Editor’s note: The COVID-19 outbreak in northwest Saskatchewan has exposed weaknesses in the region’s fragile food system. In thiss three-part series, Global News will share what some local leaders, businesses and residents have said about how a month in lockdown without access to southern stores has changed how they think about feeding their communities and their families. This is part 2. Read part 1 here.
When Candyce Paul and her husband moved to his home reserve in northwest Saskatchewan in the early 1980s, they didn’t have a car. To get groceries, she found herself hitchhiking the 150 kilometres south to the stores in Meadow Lake and back again with the food. It would take her the whole day.
She quickly realized that if they were going to stay, she would have to come up with a different way to feed her family.
Originally from the southern part of the province, she’s defined herself as one of the most knowledgeable gardeners in the Lac La Plonge area of English River First Nation. But she said there’s never been much interest in what’s she’s been doing — until now.
“The numbers of people who asked to have their yards ploughed… It’s like families with kids I would never have thought would have looked at doing it and they’re doing it,” Paul said.
“One guy was sprouting peas in-house to plant and I said, ‘If they’re sprouted, you’d better get them in the ground!’”
There are about 45 households in English River-La Plonge and Paul estimates at least one-third of them now have gardens. She attributes the uptick in interest to the threat of food insecurity that accompanied the month-long regional lockdown intended to stop the spread of COVID-19.
“It was very stressful for our communities. They were screaming, ‘We’ve got to go out and get food. We need food now!’ ” she said.
“We’ve got to quit depending on going south and getting things from the south. We’ve got to be able to get it here and do it here.”
Maximizing this season
As the reality of the pandemic settled in across the country, Indigenous leaders encouraged their people to return to the land for food.
In some households in some communities in northwest Saskatchewan, that’s what’s been happening out of necessity.
The North West Communities Incident Command Centre, a collective of municipal governments, First Nations and the Métis Nation of Saskatchewan that has been trying to keep the lines of communication open during times of crisis, is establishing a food sovereignty committee, with a focus on gardening.
It will be funded by a small portion of the $2.3-million in federal assistance to support the regional response to the COVID-19 outbreak.
“We want to make sure that we maximize this season of gardening,” said Rick Laliberte, who heads up the incident command.
“I, myself, dug out a garden that was traditionally here, but I’d never done it before. This is my first time at gardening…. I feel better after going out there. It’s taking care of my family.”
Laliberte, based in the village of Beauval, estimates an 80-per cent increase in gardening in his community — supported by a large volume of requests for seeds.
A group of university students from Saskatoon fundraised tens of thousands of dollars for the locked down region. Paul was one of the people they contacted to ask what people were in need of to get by.
“It was amazing how many people said, ‘I want soil. I want seeds,’ ” she said, citing dozens from area reserves.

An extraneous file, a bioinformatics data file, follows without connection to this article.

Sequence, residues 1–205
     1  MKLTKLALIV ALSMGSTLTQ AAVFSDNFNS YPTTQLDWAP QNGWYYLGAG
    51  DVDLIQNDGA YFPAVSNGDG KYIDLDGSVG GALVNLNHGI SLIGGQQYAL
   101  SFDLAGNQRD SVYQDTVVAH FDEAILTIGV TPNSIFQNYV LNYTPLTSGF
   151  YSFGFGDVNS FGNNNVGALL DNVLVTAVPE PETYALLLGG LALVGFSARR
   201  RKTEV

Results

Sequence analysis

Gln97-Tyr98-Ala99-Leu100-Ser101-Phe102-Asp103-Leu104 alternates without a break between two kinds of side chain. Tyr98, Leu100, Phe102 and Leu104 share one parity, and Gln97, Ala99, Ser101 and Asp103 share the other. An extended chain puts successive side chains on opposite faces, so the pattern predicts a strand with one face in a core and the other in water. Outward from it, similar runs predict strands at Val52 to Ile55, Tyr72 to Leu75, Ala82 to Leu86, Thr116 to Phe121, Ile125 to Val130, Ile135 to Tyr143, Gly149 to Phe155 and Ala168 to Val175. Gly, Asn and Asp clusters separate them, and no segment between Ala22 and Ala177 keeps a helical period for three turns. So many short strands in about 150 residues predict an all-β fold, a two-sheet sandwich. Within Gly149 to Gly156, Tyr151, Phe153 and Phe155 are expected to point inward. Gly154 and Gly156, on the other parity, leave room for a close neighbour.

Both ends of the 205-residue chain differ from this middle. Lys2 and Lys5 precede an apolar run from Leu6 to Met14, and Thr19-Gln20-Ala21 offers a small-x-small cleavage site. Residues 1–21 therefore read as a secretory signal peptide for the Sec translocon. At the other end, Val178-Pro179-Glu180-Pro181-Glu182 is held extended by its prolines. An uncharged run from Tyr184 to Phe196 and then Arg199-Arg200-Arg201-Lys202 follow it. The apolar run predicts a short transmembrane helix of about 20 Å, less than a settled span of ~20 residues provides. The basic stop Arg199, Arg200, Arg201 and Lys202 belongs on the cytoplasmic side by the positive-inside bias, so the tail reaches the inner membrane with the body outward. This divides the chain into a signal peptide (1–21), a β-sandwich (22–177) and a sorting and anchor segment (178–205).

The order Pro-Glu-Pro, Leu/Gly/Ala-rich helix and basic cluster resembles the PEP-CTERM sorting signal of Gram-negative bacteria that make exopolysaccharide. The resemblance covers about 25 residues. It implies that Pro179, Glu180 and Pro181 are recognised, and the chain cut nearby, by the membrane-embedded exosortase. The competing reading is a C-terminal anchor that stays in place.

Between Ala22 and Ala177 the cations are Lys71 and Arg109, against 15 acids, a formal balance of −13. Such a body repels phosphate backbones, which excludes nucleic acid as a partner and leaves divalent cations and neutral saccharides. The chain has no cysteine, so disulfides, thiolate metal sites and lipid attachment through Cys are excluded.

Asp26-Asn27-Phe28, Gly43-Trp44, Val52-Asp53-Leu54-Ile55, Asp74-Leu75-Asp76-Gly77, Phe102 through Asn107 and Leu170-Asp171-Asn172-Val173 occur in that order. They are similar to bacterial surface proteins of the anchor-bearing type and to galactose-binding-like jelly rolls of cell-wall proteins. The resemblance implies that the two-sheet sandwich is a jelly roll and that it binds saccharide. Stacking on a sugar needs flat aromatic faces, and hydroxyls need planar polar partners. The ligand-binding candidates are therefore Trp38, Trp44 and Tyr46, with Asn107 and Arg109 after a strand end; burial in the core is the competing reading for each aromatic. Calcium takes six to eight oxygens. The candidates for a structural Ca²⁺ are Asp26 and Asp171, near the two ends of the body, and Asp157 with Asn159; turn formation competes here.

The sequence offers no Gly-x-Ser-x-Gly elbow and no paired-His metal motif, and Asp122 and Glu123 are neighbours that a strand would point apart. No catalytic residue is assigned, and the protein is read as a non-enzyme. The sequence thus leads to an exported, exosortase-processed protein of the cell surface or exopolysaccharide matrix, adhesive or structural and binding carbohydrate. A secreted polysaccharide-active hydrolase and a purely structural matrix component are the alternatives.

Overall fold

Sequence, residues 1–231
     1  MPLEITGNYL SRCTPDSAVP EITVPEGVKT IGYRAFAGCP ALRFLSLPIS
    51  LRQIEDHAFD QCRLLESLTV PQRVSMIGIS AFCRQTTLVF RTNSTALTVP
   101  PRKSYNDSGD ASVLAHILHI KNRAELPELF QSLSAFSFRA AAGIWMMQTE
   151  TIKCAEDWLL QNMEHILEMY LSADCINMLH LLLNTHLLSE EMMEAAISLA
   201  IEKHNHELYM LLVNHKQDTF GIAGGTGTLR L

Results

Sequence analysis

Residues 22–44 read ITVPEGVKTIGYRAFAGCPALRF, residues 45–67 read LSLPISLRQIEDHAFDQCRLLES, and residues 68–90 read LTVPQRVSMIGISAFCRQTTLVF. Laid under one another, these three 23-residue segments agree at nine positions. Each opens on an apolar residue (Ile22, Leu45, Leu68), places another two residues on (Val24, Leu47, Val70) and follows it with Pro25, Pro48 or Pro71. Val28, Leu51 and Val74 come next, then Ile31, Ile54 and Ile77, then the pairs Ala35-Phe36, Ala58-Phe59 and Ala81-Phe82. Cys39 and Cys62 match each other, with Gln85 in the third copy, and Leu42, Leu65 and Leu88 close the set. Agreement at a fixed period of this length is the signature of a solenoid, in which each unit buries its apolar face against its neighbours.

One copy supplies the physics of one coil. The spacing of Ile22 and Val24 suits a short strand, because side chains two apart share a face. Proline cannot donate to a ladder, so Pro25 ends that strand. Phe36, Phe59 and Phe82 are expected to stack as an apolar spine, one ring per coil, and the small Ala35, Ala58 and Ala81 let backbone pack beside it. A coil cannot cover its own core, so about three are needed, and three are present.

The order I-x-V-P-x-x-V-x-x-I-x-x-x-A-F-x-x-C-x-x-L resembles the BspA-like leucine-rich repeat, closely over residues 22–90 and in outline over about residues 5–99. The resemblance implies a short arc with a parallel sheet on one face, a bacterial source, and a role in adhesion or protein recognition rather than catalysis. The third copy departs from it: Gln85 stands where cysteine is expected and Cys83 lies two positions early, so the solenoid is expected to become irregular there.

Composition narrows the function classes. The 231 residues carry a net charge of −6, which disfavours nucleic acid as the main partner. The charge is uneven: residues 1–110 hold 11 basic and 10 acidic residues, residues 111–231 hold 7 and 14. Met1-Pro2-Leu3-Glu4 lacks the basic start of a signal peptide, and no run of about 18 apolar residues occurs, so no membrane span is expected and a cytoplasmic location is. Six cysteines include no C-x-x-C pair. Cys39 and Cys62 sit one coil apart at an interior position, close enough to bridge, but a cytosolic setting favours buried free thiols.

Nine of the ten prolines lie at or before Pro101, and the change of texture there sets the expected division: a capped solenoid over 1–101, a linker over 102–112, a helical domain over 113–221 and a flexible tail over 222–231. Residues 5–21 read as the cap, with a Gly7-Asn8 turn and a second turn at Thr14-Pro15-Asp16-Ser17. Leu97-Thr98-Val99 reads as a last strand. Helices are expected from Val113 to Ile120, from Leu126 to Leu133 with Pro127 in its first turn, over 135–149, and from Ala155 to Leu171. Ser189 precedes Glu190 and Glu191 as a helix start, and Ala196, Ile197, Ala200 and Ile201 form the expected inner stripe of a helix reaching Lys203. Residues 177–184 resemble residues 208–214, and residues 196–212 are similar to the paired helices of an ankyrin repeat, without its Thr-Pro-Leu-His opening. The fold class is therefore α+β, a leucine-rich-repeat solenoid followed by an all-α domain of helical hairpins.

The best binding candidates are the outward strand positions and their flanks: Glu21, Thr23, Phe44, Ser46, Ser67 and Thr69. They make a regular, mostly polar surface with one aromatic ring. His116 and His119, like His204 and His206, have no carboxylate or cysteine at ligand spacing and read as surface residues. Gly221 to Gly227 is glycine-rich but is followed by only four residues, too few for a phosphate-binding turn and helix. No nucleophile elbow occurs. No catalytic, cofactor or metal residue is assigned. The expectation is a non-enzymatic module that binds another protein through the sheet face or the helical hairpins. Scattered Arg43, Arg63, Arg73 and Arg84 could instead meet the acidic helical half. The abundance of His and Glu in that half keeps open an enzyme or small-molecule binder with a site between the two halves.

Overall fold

Rich in nutrients, rich in history
While not all of the soil in the northwest is great for gardening, the delta land around English River-La Plonge is rich in both nutrients and history.
It was where oblates operated the notorious Beauval Indian Residential School from the 1890s until the 1980s.
Paul’s husband attended the institution as a boy. The only memory he shared with Global News through his wife was of working in the many large gardens that supplied produce the students for most of his time there. By the time he left in the late 1960s, the food was coming from elsewhere, he said.
Four years ago, English River-La Plonge, with a growing legacy of its own that predates colonial intervention, slowly began reinventing the school’s old potato patch as a community garden.
“The land is here. It can provide for us. We just have to have the willpower and have the people with the skills who can resurface some of these old traditional things that were here already,” Laliberte said.
While working toward food sovereignty may actually be that simple in some ways, in many others, it is much more complicated.
The gardens are not the only memory of the residential school that people carry with them — and the fallout from the residential school is just one of the crippling colonial legacies the region has to contend with.
Where people used to be able to hunt and trap for sustenance, they no longer can, said Priscilla Settee, an Indigenous studies professor at the University of Saskatchewan from Cumberland House in the northeast corner of the province.
She says federal and provincial policies directly and indirectly strip people of cultural traditions, but the land of the natural ecosystems that defined Indigenous relationships with it.
“This issue of food sovereignty centres around community sovereignty, Indigenous sovereignty,” she said. “One of the things that has been noted as the cause of Indigenous food insecurity would be the diminishing capacity of the land to produce and that is directly related to the method of development that colonizing governments do undertake.”
For Indigenous communities, like the ones in northwest Saskatchewan, to be able to embark on a fulsome return to the land, they’ll have to navigate the impacts of ongoing development, Settee said.
To learn more about some of the challenges facing northwest Saskatchewan as it works toward greater food security, stay tuned for part 3 on Wednesday.
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